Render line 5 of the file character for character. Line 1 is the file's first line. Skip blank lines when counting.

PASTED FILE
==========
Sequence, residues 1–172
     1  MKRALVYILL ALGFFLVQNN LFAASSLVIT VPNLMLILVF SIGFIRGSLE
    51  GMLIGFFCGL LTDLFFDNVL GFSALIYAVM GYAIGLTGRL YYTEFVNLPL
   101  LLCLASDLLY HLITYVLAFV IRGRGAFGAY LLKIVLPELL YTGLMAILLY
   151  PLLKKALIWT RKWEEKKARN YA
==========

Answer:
   151  PLLKKALIWT RKWEEKKARN YA